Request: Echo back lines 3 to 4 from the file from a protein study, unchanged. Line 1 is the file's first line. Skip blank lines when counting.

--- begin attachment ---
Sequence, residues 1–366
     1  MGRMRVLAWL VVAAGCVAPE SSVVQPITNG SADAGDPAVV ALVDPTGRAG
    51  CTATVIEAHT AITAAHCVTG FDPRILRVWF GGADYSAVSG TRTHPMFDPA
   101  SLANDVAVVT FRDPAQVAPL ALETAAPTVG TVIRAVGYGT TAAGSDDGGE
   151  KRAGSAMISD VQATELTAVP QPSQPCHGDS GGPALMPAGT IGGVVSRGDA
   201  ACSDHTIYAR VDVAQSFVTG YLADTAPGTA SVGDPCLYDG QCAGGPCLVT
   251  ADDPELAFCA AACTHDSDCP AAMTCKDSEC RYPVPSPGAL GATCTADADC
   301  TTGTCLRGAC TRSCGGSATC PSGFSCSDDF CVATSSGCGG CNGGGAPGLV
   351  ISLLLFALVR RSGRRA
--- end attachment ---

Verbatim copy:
    51  CTATVIEAHT AITAAHCVTG FDPRILRVWF GGADYSAVSG TRTHPMFDPA
   101  SLANDVAVVT FRDPAQVAPL ALETAAPTVG TVIRAVGYGT TAAGSDDGGE